Circumstances When Payments May Cease
It is the duty of a parent to support their children regardless of marital status, yet there are circumstances when child support payments may be terminated. Should one of these conditions be met, the obligor will no longer be required to make child support payments. Read on to learn what these circumstances are.
Age of Majority
According to the California Family Code, a child support order ends when the supported child reaches the age of majority, which is 18 years old. This is due to the fact that child support orders are meant to support minor children, so once a child reaches 18 years of age, they are no longer a minor. However, there are exceptions to this rule, including the following additional factors:
- An out-of-state child support order enforced by California may extend beyond age 18.
- If a child is still attending high school and turns age 18, a child support order remains in effect until they either graduate high school or turn 19 years old (whichever occurs first).
- If a child turns 18 yet is incapacitated and unable to earn any sort of living for whatever reason, then a child support order may continue. Orders related to this circumstance are not made based on the child’s age but rather their condition.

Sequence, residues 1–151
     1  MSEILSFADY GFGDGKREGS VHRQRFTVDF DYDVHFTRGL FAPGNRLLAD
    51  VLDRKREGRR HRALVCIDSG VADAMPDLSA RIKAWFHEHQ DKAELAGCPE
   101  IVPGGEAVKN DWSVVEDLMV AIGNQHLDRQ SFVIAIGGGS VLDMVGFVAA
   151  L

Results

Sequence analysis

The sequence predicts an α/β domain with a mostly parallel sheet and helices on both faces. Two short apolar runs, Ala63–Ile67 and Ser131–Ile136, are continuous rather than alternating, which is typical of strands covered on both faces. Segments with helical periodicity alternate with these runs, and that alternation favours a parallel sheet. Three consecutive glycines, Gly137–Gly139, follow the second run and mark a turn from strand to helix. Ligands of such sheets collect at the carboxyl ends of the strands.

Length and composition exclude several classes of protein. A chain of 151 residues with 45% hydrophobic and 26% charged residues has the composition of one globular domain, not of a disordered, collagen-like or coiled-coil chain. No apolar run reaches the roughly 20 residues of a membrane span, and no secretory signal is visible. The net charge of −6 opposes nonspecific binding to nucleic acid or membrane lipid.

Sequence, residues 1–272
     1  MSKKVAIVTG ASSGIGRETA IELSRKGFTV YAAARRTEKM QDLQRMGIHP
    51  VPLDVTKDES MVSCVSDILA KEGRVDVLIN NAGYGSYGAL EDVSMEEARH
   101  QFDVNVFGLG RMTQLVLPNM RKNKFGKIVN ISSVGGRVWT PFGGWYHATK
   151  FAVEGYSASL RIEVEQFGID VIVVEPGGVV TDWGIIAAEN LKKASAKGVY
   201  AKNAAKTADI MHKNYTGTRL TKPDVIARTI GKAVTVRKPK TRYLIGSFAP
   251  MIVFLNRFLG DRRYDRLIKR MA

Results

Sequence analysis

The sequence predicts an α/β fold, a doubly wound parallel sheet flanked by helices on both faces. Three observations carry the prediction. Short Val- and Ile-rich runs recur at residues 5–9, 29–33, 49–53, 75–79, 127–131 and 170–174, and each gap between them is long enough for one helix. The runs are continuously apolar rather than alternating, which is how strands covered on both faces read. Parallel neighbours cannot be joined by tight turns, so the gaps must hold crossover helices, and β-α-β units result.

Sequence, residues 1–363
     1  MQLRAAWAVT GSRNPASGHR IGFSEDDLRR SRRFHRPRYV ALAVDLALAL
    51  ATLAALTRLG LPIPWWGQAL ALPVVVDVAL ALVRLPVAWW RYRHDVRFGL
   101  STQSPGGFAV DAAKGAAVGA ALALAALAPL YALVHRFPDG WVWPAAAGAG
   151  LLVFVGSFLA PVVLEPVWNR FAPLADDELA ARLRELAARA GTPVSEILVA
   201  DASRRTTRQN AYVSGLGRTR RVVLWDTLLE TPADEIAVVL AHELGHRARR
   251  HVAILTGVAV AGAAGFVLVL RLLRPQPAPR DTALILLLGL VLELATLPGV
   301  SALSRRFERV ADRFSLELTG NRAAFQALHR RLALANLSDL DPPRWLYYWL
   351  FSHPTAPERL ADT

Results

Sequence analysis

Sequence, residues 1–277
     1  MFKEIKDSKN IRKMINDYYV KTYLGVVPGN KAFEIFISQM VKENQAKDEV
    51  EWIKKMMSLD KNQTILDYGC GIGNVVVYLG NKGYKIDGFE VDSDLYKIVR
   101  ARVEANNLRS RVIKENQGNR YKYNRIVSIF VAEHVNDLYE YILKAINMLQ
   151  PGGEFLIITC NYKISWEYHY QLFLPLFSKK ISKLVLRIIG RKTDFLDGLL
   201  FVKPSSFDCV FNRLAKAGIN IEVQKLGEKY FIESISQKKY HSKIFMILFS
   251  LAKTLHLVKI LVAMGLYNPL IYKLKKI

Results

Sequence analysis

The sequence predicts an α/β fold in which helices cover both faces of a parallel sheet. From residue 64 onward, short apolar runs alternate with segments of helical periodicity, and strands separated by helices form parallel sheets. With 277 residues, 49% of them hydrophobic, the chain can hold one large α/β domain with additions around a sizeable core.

Additionally, it is possible for parents to come to a mutual agreement to extend child support payments beyond the age of majority. The California Family Code allows for such an agreement to exist and be enforceable by the courts.
Emancipation of a Minor Child
In addition, child support payments may cease should a minor child gain emancipation. Emancipation is defined as a person who is viewed as over the age of majority, even if their actual age is less than 18 years old; one of the following factors must also be present in the person’s life:
- The person has filed for a declaration of emancipation and has gained that status under California law.
- The person is an active duty member of the United States Armed Forces.
- The person has legally married, regardless of whether or not the marriage is still intact.
The California Family Code outlines the requirements for a person to petition for emancipation as well as the various purposes for which an emancipated person will be viewed as an adult. Should a minor become emancipated and legally viewed as an adult, the child’s parents will no longer be obliged to maintain their child support payments.
Consulting a Family Law Attorney with Child Support Questions
Child support matters can be difficult to navigate on one’s own, especially if questions linger about the status of their payments and if their circumstances might allow for a modification or even termination of their child support order. For answers to these questions, consult with a family law attorney who understands California’s child support laws and can guide you on how best to proceed.